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UK Live Industry Gets Long-Demanded Government-Backed COVID Insurance

UK Live Industry Gets Long-Demanded Government-Backed COVID Insurance

LONDON – For more than a year, the U.K. live music industry has been campaigning for a government-backed insurance scheme to help festival and concert promoters get back on their feet. On Thursday (Aug. 5), those calls were finally answered when Chancellor of the Exchequer Rishi Sunak unveiled a 750 million pounds ($1 billion) insurance scheme covering the cost of festival and concert cancellations resulting from COVID-19.

The “Live Events Reinsurance Scheme” enables event organizers in the United Kingdom to purchase cover for government-enforced cancellations, alongside standard commercial events insurance.

Backed by Lloyd’s market insurers Arch, Beazley, Dale, Hiscox and Munich Re, the insurance be available for a 12-month term beginning sometime in September. (The Exchequer, when contacted by Billboard, was unable to say exactly when the scheme will begin.)

The government says it is one of the only insurance schemes in the world to cover such a wide array of live events and not put a cap on costs claimed per event.

Denis Desmond, chairman of Live Nation U.K. and Ireland, says the government-backed protection is a vital intervention that “offers certainty to artists, concert and festival promoters in the live entertainment market.”

“While the new scheme won’t cover all our risk, this intervention will help protect the industry that we all know and love,” says Phil Bowdery, chairman of the Concert Promoters Association.

The program follows the establishment of similar government-backed insurance schemes in a number of other European markets, including Germany, the Netherlands, Belgium, Austria, and Denmark. They provide a much-needed safety net for promoters committing non-recoupable upfront costs for future events amid the uncertainty of a pandemic.

“As the economy reopens, I want to do everything I can to help events providers and small businesses plan with confidence right through to next year,” Sunak says in a statement.

In the event of cancellations resulting from coronavirus restrictions, the government will pay between 95% and 100% of costs accrued with insurers paying the remainder. (Promoters and event organizers will need to pay an agreed excess fee, as per standard insurance deals).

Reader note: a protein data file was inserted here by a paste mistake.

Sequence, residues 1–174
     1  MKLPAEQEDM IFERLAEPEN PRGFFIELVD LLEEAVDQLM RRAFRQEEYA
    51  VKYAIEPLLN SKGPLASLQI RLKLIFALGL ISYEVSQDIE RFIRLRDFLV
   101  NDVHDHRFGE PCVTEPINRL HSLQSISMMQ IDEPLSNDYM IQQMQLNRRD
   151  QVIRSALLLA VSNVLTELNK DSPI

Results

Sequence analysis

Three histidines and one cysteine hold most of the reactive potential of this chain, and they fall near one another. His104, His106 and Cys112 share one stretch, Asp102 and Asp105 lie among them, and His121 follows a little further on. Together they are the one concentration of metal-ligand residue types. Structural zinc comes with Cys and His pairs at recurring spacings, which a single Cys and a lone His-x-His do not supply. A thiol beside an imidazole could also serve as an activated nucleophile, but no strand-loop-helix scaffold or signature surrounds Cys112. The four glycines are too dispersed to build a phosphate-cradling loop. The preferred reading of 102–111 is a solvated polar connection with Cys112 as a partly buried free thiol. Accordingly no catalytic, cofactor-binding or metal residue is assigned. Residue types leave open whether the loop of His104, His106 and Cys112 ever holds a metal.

While live execs unanimously welcomed the news, some expressed anger that the government didn’t step in sooner to support the country’s struggling live sector in the way it did for the film and TV industries. A 500 million pounds “Film and TV Production Restart Scheme” has been in place since July 2020 and has provided insurance cover to more than 600 independent film and TV productions to date, says the HM Treasury.

“It is devastating that the timings of this scheme could not have been earlier,” says Michael Kill, CEO of the Night Time Industries Association. He points to the large number of U.K. festivals that have been forced to cancel over the past year — many citing the lack of insurance as a determining factor.

According to the Association of Independent Festivals, more than half of all U.K. festivals scheduled to take place in 2021 have been cancelled this year because of the pandemic. Big-name casualties include Glastonbury, BST Hyde Park, Download and Kendal Calling.

Paul Reed, CEO of the Association of Independent Festivals, says the introduction of COVID-19 cancellation insurance was a positive development for the industry. But he cautioned that it doesn’t cover events needing to reduce capacity or cancel due to social distancing restrictions being reintroduced.

Nevertheless, British execs are cautiously optimistic that the tide is now turning for the beleaguered live industry and that better times are ahead.

The U.K. lifted its last remaining COVID-19 restrictions on July 19, opening the door for full-capacity shows, nightclubs, and festivals to return. Latitude Festival, held in Suffolk July 22-25 and headlined by Bastille, Bombay Bicycle Club, Wolf Alice, and The Chemical Brothers, was the first major music event to take place since the end of lockdown. It was attended by around 40,000 people as part of the COVID-19 Events Research Program.

Tentpole events scheduled to take place later this summer include the 185,000-capacity dual-site Reading and Leeds festivals headlined by Liam Gallagher, Stormzy and Post Malone, and the 70,000-capacity Creamfields, which features David Guetta, deadmau5, Alesso and Martin Garrix.

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